UNICEF immunization programmes focusing on training have been completed in Ambon City and will proceed shortly in the other four districts of the province.Following this, there will be a backlog sweep to identify un-immunised children.
In September, UNICEF will hold workshops on safe motherhood with participants from Buru and West Southeast Maluku (the two districts in the province that are part of the UNICEF Safe Motherhood Programme).
During the month of July, UNICEF ensured distribution of 30Mts of Vitadele in four Maluku districts (Ambon town, Buru, Central Maluku and West Southeast Maluku). Plans are for an additional 60MTs to be distributed in August and 50MTs in September.
UNICEF-sponsored events surrounding National Children's Day have been completed except on Buru and in Ambon City where a toy-gun exchange has not been completed. The workshop on Children's Rights resulted in the setting up of "Forum Maluku Pembela Hak-hak Anak", which will promote children's rights in the province.
Plans are proceeding for a UNICEF-sponsored conflict management workshop from 17 to 20 September in Ambon.
6. NORTH MALUKU
On the evening of 28 July, the police in Ternate arrested 24 people arriving by boat from Bitung (North Sulawesi). The group said they belong to the religious sect"Jamaah Islamia". Further interrogation revealed that most of them had come from Poso and Palu and 8 of them from Wasile in Central Halmahera district. As the Police were not convinced of their motives, they were deported in accordance with the Governor's directive restricting movements of intruders.
North Maluku is enjoying an unusually good harvest of cloves, as well as high market prices of over Rupiah 70,000/kilo for the commodity, compared to the earlier price of Rupiah 30,000/kilo.
Engineer M. Saleh Marasabessy, head of the Agriculture and Food Crops Department of North Maluku district, has announced that his department would spend Rp 3 billion (some US$ 3 million) to provide horticultural seeds, agricultural equipment and chain saws in 14 sub-districts involved in the returnee process. This assistance will support income generation activities in the communities.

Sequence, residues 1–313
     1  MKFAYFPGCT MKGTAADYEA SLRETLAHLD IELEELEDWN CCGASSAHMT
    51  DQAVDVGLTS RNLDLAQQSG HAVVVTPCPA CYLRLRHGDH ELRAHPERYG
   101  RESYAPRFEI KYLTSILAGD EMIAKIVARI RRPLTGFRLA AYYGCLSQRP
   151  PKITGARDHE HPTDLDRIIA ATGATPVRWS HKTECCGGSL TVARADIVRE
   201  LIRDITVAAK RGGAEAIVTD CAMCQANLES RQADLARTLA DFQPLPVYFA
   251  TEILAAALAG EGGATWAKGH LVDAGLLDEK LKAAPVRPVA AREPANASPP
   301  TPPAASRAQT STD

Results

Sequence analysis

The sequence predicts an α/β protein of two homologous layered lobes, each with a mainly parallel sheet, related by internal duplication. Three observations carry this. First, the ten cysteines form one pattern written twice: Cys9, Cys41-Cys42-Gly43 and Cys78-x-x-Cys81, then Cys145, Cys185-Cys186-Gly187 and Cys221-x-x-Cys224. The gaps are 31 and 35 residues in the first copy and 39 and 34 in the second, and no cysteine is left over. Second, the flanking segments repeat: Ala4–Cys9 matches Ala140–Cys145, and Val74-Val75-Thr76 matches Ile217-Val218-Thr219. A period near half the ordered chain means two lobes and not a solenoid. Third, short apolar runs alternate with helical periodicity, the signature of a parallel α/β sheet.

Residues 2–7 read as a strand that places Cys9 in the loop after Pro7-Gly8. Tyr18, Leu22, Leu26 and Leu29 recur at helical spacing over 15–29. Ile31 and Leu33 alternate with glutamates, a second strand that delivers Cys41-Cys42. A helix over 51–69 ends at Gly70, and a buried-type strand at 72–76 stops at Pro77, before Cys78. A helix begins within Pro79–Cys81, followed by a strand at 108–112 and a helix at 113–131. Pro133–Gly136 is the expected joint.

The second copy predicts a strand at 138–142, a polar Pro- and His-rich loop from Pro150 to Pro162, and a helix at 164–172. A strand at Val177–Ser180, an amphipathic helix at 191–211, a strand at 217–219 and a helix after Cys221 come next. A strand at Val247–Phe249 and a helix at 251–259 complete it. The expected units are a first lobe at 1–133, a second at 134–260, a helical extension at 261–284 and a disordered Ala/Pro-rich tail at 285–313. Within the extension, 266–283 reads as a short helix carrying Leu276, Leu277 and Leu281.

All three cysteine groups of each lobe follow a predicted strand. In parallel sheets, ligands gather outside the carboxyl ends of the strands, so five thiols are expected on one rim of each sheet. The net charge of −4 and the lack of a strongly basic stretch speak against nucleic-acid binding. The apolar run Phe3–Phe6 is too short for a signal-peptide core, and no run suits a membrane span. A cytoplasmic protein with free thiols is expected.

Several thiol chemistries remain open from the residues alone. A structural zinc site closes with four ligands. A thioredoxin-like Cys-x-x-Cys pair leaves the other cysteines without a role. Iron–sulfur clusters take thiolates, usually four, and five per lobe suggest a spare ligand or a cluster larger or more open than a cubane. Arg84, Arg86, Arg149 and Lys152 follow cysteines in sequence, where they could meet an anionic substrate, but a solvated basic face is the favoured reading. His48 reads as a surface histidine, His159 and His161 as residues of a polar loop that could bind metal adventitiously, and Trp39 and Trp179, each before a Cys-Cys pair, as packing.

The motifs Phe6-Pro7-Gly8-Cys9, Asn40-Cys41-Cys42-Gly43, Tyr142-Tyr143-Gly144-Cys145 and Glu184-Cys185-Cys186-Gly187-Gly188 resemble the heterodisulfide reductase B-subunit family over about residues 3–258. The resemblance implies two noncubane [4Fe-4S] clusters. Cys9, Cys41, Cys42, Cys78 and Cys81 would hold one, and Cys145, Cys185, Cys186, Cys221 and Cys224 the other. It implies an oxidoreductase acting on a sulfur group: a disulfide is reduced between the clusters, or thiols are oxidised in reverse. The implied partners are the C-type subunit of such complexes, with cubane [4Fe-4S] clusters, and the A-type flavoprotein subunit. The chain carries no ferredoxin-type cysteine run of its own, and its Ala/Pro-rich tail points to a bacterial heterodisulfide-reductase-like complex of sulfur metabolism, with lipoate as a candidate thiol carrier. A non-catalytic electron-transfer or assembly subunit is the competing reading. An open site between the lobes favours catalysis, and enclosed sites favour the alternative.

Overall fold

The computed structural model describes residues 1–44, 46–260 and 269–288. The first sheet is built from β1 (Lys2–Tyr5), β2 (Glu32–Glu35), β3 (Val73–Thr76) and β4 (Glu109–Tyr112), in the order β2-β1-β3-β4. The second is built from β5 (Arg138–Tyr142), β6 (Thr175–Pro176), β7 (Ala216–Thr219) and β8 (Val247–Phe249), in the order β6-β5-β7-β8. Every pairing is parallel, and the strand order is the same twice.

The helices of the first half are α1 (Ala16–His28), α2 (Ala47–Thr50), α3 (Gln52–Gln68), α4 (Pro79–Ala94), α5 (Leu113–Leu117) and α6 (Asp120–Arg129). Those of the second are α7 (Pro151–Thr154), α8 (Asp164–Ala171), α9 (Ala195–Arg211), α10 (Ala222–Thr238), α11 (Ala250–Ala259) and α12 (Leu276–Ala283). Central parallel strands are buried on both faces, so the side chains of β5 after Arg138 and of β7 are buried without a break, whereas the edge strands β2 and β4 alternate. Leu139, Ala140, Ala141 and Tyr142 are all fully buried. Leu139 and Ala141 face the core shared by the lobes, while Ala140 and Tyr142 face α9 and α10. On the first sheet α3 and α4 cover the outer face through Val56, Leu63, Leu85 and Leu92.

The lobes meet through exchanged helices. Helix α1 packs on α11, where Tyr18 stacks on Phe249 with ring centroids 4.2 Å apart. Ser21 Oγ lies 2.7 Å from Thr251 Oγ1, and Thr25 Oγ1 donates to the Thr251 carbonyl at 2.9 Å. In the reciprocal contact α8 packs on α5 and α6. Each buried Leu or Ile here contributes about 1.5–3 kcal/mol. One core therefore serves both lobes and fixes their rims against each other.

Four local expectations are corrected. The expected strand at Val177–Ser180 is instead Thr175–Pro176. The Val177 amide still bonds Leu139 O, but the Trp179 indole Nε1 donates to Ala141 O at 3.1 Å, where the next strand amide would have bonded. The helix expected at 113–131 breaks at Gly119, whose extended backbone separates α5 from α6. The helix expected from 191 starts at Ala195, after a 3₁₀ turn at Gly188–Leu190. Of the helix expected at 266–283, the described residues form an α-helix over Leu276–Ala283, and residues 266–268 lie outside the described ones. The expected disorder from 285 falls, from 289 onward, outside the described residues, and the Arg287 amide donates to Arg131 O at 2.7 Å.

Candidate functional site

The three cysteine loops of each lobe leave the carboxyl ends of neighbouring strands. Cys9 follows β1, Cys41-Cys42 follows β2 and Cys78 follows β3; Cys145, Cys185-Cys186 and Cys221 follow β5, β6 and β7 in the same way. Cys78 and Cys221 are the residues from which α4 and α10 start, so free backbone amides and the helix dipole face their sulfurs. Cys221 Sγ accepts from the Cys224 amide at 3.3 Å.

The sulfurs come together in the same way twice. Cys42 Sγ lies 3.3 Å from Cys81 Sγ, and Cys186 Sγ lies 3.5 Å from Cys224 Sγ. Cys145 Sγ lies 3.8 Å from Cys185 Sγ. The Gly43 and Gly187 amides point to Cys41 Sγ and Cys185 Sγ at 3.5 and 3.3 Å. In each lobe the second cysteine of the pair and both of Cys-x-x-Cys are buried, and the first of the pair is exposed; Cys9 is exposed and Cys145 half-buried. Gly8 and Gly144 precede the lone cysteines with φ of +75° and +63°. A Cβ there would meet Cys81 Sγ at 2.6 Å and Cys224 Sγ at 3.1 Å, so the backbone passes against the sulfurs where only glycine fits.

ACF staff left Ternate to conduct a reconstruction assessment in East Gane sub-district. The assessment is expected to continue into next week.
A USAID/OTI team is monitoring the progress of shelter rehabilitation being done by returnees benefiting from a USAID building material donation to the province. Another team is assessing ideas for women empowerment initiatives for community development in the province.
The British Council concluded a six-day visit aimed at identifying ideas and possibilities for community development programmes in the province. The team departed Ternate on 27 July.
The Satlak (district coordinating body) of North Maluku district repatriated 43 Moslem households (133 IDPs) from Ternate to Tetewang village in Jailolo sub-district on 26 July and 42 Christian households (184 IDPs) from Tobelo to Soakonora village in Galela sub-district on 31 July.
MDM continued routine health activities in Ibu sub-district. The organisation is preparing a health-training programme expected to start in August.
IMC doctors attended a monthly activity-programming meeting this week in Ternate. In the field, IMC has rehabilitated and provided a water installation and a pharmaceutical storage room complete with shelves for medicines to the Puskesmas (local health centre) in Daruba, South Morotai sub-district. Three beds and mattresses were provided to the Bere-Bere Puskesmas in North Morotai for its wardroom. In Tobelo, a polyclinic room at the public hospital was equipped with additional furniture.
An MSF-F medical team provided health education training on vaccination procedures to two nurses as well as training on delivery and pregnancy risks to three midwives of the Puskesmas in Kedi.This is the last week of MSF activities in North Maluku. MSF-F is withdrawing for deployment to other areas in the country.